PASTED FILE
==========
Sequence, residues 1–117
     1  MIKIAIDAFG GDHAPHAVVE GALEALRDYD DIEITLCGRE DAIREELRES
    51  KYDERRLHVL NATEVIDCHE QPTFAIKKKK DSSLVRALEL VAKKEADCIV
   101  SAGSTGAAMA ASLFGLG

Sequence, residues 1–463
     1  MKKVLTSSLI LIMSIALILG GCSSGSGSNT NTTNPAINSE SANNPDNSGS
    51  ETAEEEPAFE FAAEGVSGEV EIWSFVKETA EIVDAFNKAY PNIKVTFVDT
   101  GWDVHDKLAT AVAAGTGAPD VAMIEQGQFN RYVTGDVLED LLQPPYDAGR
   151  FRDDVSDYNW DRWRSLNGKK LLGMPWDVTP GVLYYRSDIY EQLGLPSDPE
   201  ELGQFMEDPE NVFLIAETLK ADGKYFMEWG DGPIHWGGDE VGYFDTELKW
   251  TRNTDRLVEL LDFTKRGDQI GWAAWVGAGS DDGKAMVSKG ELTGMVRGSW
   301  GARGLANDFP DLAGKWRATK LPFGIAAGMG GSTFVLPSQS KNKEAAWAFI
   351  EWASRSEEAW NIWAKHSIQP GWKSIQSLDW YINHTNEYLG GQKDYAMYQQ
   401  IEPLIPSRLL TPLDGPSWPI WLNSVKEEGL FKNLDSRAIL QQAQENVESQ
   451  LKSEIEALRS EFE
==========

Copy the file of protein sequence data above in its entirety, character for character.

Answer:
Sequence, residues 1–117
     1  MIKIAIDAFG GDHAPHAVVE GALEALRDYD DIEITLCGRE DAIREELRES
    51  KYDERRLHVL NATEVIDCHE QPTFAIKKKK DSSLVRALEL VAKKEADCIV
   101  SAGSTGAAMA ASLFGLG

Sequence, residues 1–463
     1  MKKVLTSSLI LIMSIALILG GCSSGSGSNT NTTNPAINSE SANNPDNSGS
    51  ETAEEEPAFE FAAEGVSGEV EIWSFVKETA EIVDAFNKAY PNIKVTFVDT
   101  GWDVHDKLAT AVAAGTGAPD VAMIEQGQFN RYVTGDVLED LLQPPYDAGR
   151  FRDDVSDYNW DRWRSLNGKK LLGMPWDVTP GVLYYRSDIY EQLGLPSDPE
   201  ELGQFMEDPE NVFLIAETLK ADGKYFMEWG DGPIHWGGDE VGYFDTELKW
   251  TRNTDRLVEL LDFTKRGDQI GWAAWVGAGS DDGKAMVSKG ELTGMVRGSW
   301  GARGLANDFP DLAGKWRATK LPFGIAAGMG GSTFVLPSQS KNKEAAWAFI
   351  EWASRSEEAW NIWAKHSIQP GWKSIQSLDW YINHTNEYLG GQKDYAMYQQ
   401  IEPLIPSRLL TPLDGPSWPI WLNSVKEEGL FKNLDSRAIL QQAQENVESQ
   451  LKSEIEALRS EFE